A report conducted by the Congressional Budget Office (CBO) has estimated that insurance plans under the Affordable Care Act (ACA) would rise by 20 percent within a year if President Donald Trump refuses to keep subsidizing the health care law.
The CBO report estimates that if the Trump administration's Department of Health and Human Services (DHHS) stopped reimbursing insurance companies, then Americans would have significantly higher premiums and limited access to insurance plans by 2020, along with an inflated federal deficit, CNBC reports.
On July 27, Senate Republicans were unable to gather enough votes to pass a repeal of the ACA. Trump took to social media to announce that he would allow for the health care markets to destabilize in order to pressure Democrats to come to the negotiation table.
"As I said from the beginning, let ObamaCare implode, then deal," Trump tweeted out.
On July 29, Trump took to Twitter again to assert that his administration would cease to provide cost-sharing reimbursements (CSR) to insurance companies if Congress did not pass new health care legislation.
"If a new HealthCare Bill is not approved quickly, BAILOUTS for Insurance Companies and BAILOUTS for Members of Congress will end very soon!" Trump tweeted out on July 29.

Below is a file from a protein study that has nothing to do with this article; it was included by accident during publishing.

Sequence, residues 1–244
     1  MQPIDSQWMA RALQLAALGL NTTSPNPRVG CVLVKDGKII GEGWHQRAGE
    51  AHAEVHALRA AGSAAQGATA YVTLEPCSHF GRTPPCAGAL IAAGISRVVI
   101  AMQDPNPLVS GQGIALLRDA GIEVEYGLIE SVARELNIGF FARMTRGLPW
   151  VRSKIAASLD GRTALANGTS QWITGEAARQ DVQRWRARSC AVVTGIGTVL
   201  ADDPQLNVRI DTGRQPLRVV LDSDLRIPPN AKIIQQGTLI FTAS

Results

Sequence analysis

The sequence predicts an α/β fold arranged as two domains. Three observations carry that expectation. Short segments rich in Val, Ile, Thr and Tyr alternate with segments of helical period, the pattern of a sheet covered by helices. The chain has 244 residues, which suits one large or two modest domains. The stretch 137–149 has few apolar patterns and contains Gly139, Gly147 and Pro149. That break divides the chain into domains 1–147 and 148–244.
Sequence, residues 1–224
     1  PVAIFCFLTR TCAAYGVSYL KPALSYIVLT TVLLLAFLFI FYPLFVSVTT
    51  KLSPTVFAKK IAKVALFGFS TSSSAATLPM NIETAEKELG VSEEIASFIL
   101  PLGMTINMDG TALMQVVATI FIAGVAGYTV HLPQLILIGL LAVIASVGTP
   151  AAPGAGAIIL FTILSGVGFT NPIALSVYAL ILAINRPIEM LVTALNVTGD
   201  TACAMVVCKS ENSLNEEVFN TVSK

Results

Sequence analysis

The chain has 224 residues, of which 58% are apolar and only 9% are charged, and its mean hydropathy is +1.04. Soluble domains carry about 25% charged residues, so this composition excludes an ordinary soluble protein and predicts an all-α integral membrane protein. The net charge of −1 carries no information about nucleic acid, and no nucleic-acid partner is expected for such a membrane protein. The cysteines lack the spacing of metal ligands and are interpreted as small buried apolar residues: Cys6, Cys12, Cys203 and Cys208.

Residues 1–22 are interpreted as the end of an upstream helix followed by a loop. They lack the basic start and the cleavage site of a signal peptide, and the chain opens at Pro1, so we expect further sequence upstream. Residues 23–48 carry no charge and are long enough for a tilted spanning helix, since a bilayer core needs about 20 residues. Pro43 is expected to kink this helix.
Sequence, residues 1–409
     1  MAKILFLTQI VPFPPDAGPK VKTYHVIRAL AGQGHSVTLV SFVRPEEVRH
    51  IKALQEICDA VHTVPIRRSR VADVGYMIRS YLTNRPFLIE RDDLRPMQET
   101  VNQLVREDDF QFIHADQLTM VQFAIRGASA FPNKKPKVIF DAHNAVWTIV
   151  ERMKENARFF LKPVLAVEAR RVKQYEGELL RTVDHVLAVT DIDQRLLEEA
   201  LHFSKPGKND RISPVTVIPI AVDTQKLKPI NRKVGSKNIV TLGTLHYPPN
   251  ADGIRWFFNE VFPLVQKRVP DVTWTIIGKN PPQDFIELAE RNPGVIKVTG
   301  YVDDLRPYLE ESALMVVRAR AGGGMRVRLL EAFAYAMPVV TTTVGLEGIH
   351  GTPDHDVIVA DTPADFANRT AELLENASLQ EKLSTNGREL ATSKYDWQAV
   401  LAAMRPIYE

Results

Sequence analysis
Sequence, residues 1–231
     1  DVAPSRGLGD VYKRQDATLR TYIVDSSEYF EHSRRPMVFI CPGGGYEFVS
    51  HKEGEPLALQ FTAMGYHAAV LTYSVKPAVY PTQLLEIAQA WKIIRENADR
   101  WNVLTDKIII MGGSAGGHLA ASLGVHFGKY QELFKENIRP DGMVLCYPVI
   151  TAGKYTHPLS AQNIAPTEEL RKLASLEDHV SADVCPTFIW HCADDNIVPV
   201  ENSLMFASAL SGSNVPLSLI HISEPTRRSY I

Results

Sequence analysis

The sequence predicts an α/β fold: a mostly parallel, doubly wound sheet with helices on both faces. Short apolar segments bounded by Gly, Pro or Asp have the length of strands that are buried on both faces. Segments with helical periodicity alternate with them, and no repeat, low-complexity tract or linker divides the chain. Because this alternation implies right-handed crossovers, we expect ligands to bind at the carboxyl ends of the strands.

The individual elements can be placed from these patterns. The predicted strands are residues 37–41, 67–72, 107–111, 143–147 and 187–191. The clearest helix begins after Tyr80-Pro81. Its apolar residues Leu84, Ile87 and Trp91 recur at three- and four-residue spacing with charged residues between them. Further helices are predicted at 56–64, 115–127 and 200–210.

On July 30, Health and Human Services Secretary Tom Price disclosed that the administration had not decided whether to discontinue the subsidies.
"Our job is to follow the law of the land and we take that mission very, very seriously," Price told NBC News.
The federal government provides CSR payments to insurance companies that are legally mandated to offer discounted plans to Americans with incomes up to four times federal poverty level. The subsidies are expected to cost the government $10 billion in 2018.
On Aug. 15, the CBO released a report estimating that premiums would increase by 20 percent by 2018 if the DHHS stopped providing insurance companies with CSR payments. The report found that 5 percent of Americans would live in areas where health care plans would be unavailable, as well.
The CBO report also estimated that premiums would rise by an additional 25 percent in 2020, while the federal deficit would grow by $194 billion.
White House spokesperson Ninio Fetalvo dismissed the CBO score in a statement.
"Regardless of what this flawed report says, Obamacare will continue to fail with or without a federal bailout. ... No final decisions have been made about the CSR payments," Fetalvo said.
Protect Our Care Campaign director Leslie Dach, an advocate for preserving the ACA, blasted the White House reaction to the CBO report.
"President Trump seems to prefer playing political sabotage games over doing his job of lowering costs and improving our health care," Dach said.